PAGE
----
16 June – 9 July
From as early as the 1970s John Walker was one of the most influential and imitated painters working in the UK; he exhibited alongside Andy Warhol and Roy Lichtenstein, represented his country at the 1972 Venice Biennale, had extensive survey shows at both the Tate and Hayward galleries and was nominated for the Turner Prize in 1985.
Bold commitment and brave decisions mark out the turning points that have guided Walker’s life. He would not accept a management role at the Royal College of Art, instead leaving London at the height of his notoriety to seek out new lands. He moved to Australia where he had a lasting influence as Dean of the Victorian College of the Arts in Melbourne between 1982 and 1986. Meanwhile interest in his work continued to be strong in New York. He first visited in 1969 with the Harkness Fellowship and subsequently was awarded the Guggenheim Fellowship in 1981. By this time, the legendary gallerist Betty Parsons had found her way to his studio recognising the strength of his painterly language. It was through Parsons that Walker found Maine, taking a holiday cottage that would become his home and a teaching post at Boston University where he is still Professor Emeritus.
John Walker is a rare species, a British born internationally applauded abstract painter. He is considered one of their own by both Australia and America, and more recently China where he is visiting teacher in art at Beijing. However, a 2019 museum show with Ikon Gallery in Birmingham has started a process of reawakening within the UK for Walker’s work and a repatriation in a sense of one of this country’s most vaunted painters.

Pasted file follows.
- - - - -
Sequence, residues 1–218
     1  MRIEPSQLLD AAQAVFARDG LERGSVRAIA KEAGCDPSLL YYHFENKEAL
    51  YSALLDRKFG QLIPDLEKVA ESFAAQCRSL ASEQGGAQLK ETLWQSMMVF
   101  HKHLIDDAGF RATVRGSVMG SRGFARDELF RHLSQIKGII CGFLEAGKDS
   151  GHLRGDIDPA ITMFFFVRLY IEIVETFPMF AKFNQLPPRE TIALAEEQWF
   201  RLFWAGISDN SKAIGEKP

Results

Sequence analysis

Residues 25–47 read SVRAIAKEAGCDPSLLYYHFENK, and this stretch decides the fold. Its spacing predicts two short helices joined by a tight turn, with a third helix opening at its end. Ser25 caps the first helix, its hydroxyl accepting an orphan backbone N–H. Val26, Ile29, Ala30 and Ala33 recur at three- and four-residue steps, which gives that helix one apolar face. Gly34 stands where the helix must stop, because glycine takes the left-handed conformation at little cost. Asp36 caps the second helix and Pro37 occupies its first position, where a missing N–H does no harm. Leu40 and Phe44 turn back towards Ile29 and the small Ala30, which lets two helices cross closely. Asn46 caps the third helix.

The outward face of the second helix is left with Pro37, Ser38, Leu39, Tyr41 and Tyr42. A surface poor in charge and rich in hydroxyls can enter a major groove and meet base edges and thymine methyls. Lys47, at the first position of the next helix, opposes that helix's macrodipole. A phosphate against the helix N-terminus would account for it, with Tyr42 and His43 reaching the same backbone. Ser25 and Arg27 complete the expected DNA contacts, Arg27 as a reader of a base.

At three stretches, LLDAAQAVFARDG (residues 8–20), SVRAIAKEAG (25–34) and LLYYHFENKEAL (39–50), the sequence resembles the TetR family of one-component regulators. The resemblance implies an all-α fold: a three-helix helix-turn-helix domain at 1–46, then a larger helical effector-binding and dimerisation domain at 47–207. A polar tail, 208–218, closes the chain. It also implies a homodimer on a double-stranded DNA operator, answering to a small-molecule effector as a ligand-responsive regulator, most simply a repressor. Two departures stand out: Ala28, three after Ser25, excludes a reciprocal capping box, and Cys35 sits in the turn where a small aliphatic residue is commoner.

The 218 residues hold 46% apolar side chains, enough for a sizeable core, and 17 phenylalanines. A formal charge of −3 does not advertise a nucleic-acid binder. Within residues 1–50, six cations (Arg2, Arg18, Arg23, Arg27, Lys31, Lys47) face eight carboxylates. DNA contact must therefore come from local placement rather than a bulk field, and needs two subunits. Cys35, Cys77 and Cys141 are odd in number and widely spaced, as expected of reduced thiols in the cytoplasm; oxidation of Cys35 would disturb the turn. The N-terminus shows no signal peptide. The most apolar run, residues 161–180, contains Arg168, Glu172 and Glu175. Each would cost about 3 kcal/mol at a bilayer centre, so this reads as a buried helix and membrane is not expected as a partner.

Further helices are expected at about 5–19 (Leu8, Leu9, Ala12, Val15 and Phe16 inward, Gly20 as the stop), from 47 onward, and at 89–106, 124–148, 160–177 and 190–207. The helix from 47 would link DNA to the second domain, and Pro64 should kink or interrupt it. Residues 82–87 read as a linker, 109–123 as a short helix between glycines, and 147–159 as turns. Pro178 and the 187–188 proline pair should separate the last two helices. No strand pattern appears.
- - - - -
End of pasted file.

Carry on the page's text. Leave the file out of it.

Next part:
Seal Point, 2002 presents a snapshot into a short period of time and a body of work completed on a small stretch of coastline in front of Walker’s home in Maine. Painted outside, in front of Seal Point, these were rehearsals for bigger paintings and have been held in his studio until now, where they are being exhibited for the first time.
Seal Point is to Walker what Mont Saint Victoire was for Cezanne, a place he studies and observes until ‘one knows more about it than anyone else. That is what Seal Point is to me.’ They are both a carapace for the application of paint as well as singular observations of landscape at moments between the ebb and flow of tide and the rise and fall of sunlight.
‘It took me ten years of living here before I could find the courage to paint it. I had to get beyond the beauty of the place and find the mud. And now I have this place that I can go to every day, and it changes. It never looks the same and it’s my place. No one else has it… I had a head start.’
Exhibited alongside are a collection of Walker’s ‘Bingo Card’ paintings. Walker was moving into his studio in Maine where he found bags of Bingo cards, likely left over from the 1950s when the building was used as a community centre. Many of them had been altered in their first use, presumably to hide the traces of what was then an illegal activity.
Measuring 7 x 5 inches, which made them easy to carry back and forth from the beach, Walker used them for a period to make quick impressions of the landscape, often allowing the grids, numbers, sometimes small logos – an elephant and leaping greyhound- or cartoonish letters, to show through.
John Walker has had solo exhibitions at the Museum of Modern Art in NY; The Phillips Collection in DC; The Tate Gallery, London; The Hayward Gallery in London; The Kunstverein, Hamburg; The Art Gallery of New South Wales in Sydney, Australia; and others.
His work can be found in museum collections, including The Art Institute of Chicago, Illinois; The Guggenheim Museum, New York; Irish Museum of Modern Art, Dublin; The Metropolitan Museum of Art, New York; The Museum of Contemporary Art, Los Angeles, California; Museum of Fine Arts, Boston, Massachusetts; The Museum of Modern Art, New York; National Gallery of Art, Washington, D.C.; National Gallery of Australia, Canberra; Phillips Collection, Washington, D.C.; Scottish National Gallery of Modern Art Gallery, Edinburgh; Tate Gallery, London; Victoria and Albert Museum, London, England; Whitney Museum of American Art, New York; Yale Centre for British Art, New Haven, Connecticut.